J. Paul Mueller and James T. Green, Jr., North Carolina State University
Controlled grazing is a method for regulating how often and how much to graze in order to control the quality, yield, consumption and persistence of forage from pasture. Controlled grazing attempts to optimize animal performance and reduce wasted forage. The area of fresh pasture provided to a set number of animals for a given period (known as stock density) is changed to control the amount of forage eaten, its quality, and how long each pasture is rested between grazings. In this way, it is possible to match pasture growth with the animals' requirements. Surplus growth is conserved as hay or silage, while growth shortages are made up by careful feeding of supplements.
The purpose of controlled grazing is to improve efficiency of forage use, eliminate negative environmental impact, and to improve net farm return.
Advantages of controlled grazing management compared with traditional pasture management include:
With any relatively new management practice there will be some negative aspects which will keep some managers from trying it. Nevertheless, most of the disadvantages associated with controlled grazing are perceptions based on traditional management and not based on cost-benefit evaluation of the practice.
A new management system will present new challenges. Below are some common problems and suggested solutions:
Moving animals on fixed schedule (for example every 7 days) or following a set movement pattern for each grazing cycle regardless of the amount of forage in the paddocks reduces plant and animal production.
Solution: Base decisions to move animals on to and off of paddocks on a predetermined pasture height (amount of forage present). For example, start grazing when the pasture canopy is between 6 and 8 inches and end when the average canopy height has been grazed to between 2 and 4 inches.
Look at the growth in all paddocks on a regular basis (every 6-12 days) and make a record of which paddocks have the most growth and graze them according to the amount of forage present in each area. Pay attention to the stubble or residue in a pasture after grazing; don't let it get too short before moving to the paddock which is nearest the desired stage (height) for grazing.
Animals are getting out of the paddock.
Solution: This usually happens when the electrical power on the fence is too low (below 2000 volts) or when the feed supply within the paddock is not enough to satisfy the animals hunger.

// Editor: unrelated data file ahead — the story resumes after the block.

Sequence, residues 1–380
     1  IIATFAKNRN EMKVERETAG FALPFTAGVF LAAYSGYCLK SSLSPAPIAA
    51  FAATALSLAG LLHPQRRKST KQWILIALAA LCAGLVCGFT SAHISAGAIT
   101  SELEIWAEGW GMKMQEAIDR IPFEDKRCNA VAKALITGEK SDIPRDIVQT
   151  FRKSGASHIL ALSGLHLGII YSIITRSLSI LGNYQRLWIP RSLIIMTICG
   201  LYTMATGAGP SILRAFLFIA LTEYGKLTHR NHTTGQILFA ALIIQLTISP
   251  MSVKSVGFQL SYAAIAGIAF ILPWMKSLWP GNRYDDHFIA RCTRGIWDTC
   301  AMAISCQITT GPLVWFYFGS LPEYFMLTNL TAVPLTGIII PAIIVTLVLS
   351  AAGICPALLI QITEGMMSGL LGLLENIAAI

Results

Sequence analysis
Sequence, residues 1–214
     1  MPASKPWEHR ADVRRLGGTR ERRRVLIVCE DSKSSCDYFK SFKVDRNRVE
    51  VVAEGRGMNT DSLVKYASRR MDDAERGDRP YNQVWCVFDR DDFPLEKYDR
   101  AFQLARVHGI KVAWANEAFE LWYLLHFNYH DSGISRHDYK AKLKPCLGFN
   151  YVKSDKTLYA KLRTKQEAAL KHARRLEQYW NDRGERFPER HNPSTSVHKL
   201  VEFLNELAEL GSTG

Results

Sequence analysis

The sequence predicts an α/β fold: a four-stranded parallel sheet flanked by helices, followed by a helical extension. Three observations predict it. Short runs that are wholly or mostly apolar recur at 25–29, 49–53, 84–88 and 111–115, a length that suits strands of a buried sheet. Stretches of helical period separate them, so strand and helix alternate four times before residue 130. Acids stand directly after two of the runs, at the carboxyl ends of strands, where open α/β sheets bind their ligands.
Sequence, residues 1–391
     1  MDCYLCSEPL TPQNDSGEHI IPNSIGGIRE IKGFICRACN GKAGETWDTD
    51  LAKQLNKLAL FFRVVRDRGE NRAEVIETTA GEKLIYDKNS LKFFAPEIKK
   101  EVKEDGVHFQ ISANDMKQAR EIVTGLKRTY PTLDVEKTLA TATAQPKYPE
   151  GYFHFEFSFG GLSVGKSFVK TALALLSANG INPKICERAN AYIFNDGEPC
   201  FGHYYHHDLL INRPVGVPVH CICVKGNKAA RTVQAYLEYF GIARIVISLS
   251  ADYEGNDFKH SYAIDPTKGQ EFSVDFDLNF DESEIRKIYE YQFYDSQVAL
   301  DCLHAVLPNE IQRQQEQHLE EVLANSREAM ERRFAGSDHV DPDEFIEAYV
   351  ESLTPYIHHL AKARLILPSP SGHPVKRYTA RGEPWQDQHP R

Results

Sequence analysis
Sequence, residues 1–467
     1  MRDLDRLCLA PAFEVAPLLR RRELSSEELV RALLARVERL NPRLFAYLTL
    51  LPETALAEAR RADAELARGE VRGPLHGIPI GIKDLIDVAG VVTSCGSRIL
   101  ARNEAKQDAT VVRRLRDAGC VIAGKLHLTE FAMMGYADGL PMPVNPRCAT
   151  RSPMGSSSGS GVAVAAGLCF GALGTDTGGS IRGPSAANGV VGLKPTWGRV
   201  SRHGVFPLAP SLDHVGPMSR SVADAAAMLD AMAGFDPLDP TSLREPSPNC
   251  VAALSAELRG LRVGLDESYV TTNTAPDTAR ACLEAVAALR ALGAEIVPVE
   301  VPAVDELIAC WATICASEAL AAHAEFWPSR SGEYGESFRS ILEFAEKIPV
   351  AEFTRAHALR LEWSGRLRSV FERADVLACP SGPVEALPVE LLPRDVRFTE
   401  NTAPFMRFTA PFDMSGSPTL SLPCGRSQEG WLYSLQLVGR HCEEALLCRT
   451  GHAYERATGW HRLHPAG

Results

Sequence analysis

Check the voltage on the fence and follow the guidelines in your energizer manual concerning "trouble shooting". Inadequate earth return system ("ground") and inadvertent short circuits are the most common problems. In some cases it may be necessary "retrain" an animal to electrical shock. If certain animals tend to be repeat offenders, a one-way ticket to the sale barn is appropriate. One or two animals with bad habits can cause other animals to become a problem.
Daily animal performance is less than that obtained under previous management.
Solution: If you have been using continuous grazing during much of the year at a low stock density, gain per head may have been better than you are currently experiencing under controlled grazing. It is impossible to obtain maximum daily animal performance and maximum production of meat or milk/acre at the same time. Therefore, it is necessary to determine the value of improved output/acre relative to the reduced individual animal performance.
Adjust by altering how much pasture feed is available just before and just after grazing. Usually animal performance is best when there is a moderate amount of feed remaining in the pasture (about 1200 to 1500 lbs/A) when animals are moved to the next paddock. The acre production is best when most of the feed is used in a relatively short grazing time (leaving behind 800 to 1000 lbs/A).
High stock density causes severe compaction or hoof treading of pasture during wet weather.
Solution: When soil conditions are such that animals are making severe hoof impressions and destroying the sod it is advisable to move them onto hard surfaces such as lanes, or into woodlots, or into a "sacrifice paddock". If the soil in a paddock is firm, such as on most permanent pastures, it is often sufficient to move the animals onto the tallest grass (more than 6 inches) for very short periods of time. The tall grass and frequent movements minimize the damage.
A Heavy concentration of manure and urine near the central drinking water and shaded areas reduces distribution of nutrients in the pasture system.
Solution: Distribute water to every paddock so that animals do not congregate in a single spot for more than 1 to 3 days during each grazing cycle.
Minimize the use of centralized shade. Unless temperatures or heat stress index is high, don't worry about supplying shade to animals. During stress periods use paddocks which have shade or graze unshaded paddocks from late afternoon until mid morning.
Internal Parasites reduce production.
Solution: Rotational grazing is sometimes cited as beneficial in reducing parasite problems, but controlled grazing could actually result in an increase in parasite burden because pasture forage is usually grazed uniformly to moderately short stubbles and because pastures are frequently regrazed before parasite larva are killed from exposure to hot, dry conditions.
Special care should be taken with young, growing animals such as calves, lambs and kids. These animals are highly susceptible to infection and may require regular treatment with appropriate worming medications. The use of schemes that alternate mechanical harvesting and grazing of forage or alternate grazing of pastures with different animal species (i.e. cows following lambs) may also be effective in reducing parasite problems.
Rarely will it be economical to extend the grazing cycle as a method of parasite control; forage quality deteriorates rapidly after 15 to 30 days.